By Ivory King
Written on 4/12/18
Though the apparel industry seems at times to live in its own separate world, global events have impacted the countries that make and export the majority of clothing. Fashion has its own concerns related to season, color, and cut, but the actual people and businesses are influenced by more mundane events. When it comes to the top performers in the apparel trade, this can come in the form of the whims of our own president, or new enforcements in labor standards.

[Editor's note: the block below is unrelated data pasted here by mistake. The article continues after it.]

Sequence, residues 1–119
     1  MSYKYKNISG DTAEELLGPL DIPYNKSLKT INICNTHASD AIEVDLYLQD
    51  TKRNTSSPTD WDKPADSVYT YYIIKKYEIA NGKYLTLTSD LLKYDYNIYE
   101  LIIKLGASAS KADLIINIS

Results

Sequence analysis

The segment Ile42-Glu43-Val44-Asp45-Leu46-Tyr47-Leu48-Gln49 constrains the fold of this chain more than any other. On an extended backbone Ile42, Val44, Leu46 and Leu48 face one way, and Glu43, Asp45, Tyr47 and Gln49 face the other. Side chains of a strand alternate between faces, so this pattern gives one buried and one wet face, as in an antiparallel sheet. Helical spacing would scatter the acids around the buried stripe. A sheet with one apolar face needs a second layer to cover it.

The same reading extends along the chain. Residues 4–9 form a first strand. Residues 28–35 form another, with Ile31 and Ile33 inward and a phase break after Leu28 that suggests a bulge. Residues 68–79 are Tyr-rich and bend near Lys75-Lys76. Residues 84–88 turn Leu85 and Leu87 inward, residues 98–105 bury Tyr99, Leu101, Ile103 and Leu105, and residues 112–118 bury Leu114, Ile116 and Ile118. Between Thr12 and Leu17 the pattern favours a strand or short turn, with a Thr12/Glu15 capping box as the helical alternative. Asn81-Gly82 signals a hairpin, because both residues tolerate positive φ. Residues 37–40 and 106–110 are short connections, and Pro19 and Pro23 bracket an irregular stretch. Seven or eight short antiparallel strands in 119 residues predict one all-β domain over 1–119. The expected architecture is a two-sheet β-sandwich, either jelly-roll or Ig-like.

China is, of course, the largest market and producer of apparel, as well as the largest textile and apparel exporter - they exported $161 billion in clothing in 2016, and more than one-third of clothing imported by the US was made in China. The clothing and textiles industry is much more mature than some of the developing countries that are top of the apparel manufacturing lists, as it has been one the main economic exports in China for decades. Growth has slowed, and market share has dipped slightly, since costs and labor have become a little more expensive in the country as compared to Bangladesh and others. China has pivoted slightly to address this by investing in equipment and skilled labor in order to produce garments with “special fabrics and advanced techniques that allow for breathability, movement, water-resistance, and comfort.”